Russia and Turkey’s Relationship and a foreign policy that Americans seem to have a very hard time understanding
Yet, particularly over the past decade, as their economies have grown by leaps and bounds and as they’ve become more integrated into global trade flows, Turkey and Russia have learned to ‘compartmentalize’ their differences. Instead of focusing on their many outstanding disagreements, they have focused on mutually beneficial trade relations in which an energy-hungry Turkey works with an energy-exporting Russia. What a truly radical step!
However, while they have become closer, Russia and Turkey have not in any way become ‘allies.’ The article elides the Armenia issue, but it’s not an exaggeration to say that Russia and Turkey have very different views on the Nagorno-Karabakh conflict and the appropriate way of ending it. The two countries also strongly, vehemently disagree over how best to proceed with Syria, but they’ve been determined not to let anything scuttle the most important parts of their bi-lateral relationship.
This is something that Americans seem to have a very hard time understanding. We have a tendency to group foreign countries into ‘allies’ and ‘foes:’ either you’re fully on board with American foreign policy objectives or you’re a part of the problem (think, for a moment, over the rage directed against ‘Old Europe’ immediately before the Iraq war). But that sort of binary ‘you’re with us or your’e against us’ approach is just not the way the world works anymore. Particularly among the countries whose economies are growing most rapidly, the BRICS and other large emerging markets, there are very few people who think of the world in such black and white terms.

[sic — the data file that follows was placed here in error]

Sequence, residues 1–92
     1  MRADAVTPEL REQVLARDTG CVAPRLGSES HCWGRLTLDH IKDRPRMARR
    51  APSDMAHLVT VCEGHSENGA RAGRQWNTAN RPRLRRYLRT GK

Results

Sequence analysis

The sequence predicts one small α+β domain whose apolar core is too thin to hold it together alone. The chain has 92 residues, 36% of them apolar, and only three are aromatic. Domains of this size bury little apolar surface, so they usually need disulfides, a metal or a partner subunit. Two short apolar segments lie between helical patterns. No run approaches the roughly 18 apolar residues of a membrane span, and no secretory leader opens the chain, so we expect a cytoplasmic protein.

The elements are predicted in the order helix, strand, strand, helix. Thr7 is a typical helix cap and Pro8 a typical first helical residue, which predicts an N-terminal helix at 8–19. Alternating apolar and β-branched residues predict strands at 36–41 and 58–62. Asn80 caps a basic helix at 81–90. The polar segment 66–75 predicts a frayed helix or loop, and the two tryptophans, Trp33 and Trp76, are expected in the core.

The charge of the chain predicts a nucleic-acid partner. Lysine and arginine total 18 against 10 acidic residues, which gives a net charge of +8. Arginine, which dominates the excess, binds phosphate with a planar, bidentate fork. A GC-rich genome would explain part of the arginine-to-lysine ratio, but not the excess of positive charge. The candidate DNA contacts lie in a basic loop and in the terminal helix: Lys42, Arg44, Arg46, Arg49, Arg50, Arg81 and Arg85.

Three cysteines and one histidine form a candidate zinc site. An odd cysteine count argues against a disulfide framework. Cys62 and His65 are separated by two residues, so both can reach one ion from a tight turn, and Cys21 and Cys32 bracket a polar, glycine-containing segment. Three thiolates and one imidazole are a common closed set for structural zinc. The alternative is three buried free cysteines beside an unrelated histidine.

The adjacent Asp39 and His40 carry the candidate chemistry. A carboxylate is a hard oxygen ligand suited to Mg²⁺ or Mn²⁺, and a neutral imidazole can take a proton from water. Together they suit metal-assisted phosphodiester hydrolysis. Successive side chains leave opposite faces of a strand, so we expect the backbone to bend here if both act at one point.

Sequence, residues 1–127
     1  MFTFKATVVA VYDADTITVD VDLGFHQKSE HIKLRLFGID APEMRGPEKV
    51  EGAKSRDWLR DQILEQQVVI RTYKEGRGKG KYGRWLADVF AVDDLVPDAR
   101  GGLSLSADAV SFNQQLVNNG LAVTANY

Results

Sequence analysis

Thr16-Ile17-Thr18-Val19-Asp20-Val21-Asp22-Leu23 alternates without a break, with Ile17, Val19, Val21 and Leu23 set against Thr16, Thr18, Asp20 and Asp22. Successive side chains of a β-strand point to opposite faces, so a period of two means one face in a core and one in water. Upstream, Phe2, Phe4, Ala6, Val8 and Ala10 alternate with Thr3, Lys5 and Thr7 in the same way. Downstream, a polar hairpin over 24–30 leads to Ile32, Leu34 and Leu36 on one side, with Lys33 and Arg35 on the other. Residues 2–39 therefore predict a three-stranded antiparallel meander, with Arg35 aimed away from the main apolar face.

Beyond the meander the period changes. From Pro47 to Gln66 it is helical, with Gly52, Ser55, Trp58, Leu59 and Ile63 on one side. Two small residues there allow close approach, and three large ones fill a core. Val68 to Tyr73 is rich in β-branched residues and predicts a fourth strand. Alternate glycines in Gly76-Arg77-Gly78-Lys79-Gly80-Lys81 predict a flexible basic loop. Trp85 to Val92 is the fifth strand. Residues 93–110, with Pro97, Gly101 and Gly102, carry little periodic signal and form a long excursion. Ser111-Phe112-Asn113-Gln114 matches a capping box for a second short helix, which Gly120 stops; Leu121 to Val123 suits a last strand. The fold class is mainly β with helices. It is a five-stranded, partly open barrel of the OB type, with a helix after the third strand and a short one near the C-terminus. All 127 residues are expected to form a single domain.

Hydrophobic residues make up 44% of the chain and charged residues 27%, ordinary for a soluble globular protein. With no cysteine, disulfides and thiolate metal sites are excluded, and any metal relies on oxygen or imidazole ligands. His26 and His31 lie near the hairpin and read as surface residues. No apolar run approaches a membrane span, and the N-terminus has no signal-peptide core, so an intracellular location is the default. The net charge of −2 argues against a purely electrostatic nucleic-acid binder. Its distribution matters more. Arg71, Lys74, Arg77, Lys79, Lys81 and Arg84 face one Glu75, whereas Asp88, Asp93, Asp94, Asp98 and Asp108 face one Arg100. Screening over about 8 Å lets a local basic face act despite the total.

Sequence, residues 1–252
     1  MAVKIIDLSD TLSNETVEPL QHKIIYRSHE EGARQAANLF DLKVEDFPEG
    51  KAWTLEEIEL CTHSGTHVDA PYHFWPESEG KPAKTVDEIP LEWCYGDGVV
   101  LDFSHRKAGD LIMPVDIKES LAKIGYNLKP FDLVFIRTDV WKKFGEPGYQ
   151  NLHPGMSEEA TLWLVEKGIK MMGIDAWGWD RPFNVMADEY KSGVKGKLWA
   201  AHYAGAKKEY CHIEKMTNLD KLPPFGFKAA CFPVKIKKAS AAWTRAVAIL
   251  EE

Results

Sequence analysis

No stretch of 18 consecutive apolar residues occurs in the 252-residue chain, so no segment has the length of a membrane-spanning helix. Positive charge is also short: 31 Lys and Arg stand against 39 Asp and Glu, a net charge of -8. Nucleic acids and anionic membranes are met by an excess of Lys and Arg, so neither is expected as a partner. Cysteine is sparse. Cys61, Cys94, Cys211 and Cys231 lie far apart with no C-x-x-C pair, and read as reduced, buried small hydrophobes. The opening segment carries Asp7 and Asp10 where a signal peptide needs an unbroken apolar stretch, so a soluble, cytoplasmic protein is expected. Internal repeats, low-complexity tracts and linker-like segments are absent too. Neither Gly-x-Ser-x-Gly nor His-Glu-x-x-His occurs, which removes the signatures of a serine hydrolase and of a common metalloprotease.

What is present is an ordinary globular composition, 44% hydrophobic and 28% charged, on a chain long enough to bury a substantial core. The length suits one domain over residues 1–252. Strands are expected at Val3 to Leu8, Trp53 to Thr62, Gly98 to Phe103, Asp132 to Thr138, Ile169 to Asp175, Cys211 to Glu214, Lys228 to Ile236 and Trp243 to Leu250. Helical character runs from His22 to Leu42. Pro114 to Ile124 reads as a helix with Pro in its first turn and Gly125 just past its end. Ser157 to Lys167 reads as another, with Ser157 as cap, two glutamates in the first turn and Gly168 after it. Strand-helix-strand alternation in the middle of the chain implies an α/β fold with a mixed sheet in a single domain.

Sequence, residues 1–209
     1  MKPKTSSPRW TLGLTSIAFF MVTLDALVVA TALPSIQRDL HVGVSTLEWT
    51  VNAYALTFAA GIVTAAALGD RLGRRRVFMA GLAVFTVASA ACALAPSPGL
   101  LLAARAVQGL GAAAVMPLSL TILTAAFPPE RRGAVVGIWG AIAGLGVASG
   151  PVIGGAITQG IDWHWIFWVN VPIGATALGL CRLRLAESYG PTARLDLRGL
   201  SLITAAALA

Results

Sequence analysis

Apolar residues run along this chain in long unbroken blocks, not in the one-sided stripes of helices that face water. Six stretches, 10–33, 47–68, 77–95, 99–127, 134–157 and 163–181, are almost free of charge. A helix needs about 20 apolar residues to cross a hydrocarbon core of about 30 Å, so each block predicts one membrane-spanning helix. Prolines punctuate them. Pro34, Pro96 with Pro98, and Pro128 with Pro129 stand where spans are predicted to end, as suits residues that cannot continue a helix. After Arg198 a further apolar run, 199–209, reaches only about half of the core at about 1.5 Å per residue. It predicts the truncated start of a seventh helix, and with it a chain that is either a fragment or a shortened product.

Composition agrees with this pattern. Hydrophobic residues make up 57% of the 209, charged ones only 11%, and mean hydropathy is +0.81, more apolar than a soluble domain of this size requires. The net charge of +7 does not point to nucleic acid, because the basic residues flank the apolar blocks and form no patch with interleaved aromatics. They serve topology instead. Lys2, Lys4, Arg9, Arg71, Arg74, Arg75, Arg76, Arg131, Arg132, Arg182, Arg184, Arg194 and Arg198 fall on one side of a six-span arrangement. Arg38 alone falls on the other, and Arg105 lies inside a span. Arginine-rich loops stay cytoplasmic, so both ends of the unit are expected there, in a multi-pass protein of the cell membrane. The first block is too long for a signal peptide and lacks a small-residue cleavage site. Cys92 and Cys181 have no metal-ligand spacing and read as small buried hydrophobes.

Instead what you get is a constantly shifting landscape that is full of trade-offs and compromises. So, from the Turkish perspective, yes, Russia, we’ll help you build this gas pipeline but, no, we won’t help you support Assad, and from the Russian perspective yes, we’ll build this nuclear power plant but no we won’t think for a moment of changing our close relationship with Armenia.
This is a type of diplomacy that is noteworthy for its relentless focus on the bottom line, the Washington Times accurately focused on the extent to which the Turkey-Russia relationship is built on an economic basis, and for the almost complete absence of ideology as it is commonly understood. If anything Turkey and Russia have diverged politically, Turkey has become more democratic and representative and Russia has become more authoritarian and closed, precisely during the time that their overall relationship has improved most swiftly. Yet, as best I can tell, this hasn’t had any noticeable impact; the economic components of the relationship are simply far more crucial than the political ones.
America is perfectly capable of thriving in such a world, but it will require a statecraft that is far more nimble, nuanced, and patient than the current iteration. Hectoring lectures about democracy and the need to heed the will of the “international community” have never been terribly effective, but in a world that is ever-more economically intertwined, and which features robust relationships between former antagonists like Turkey and Russia, they will be almost entirely useless. The flowering of Turkey-Russia trade is an excellent example of the radical transformations to international relations that will inevitably follow as “the rest” continue to economically converge with the advanced Western countries.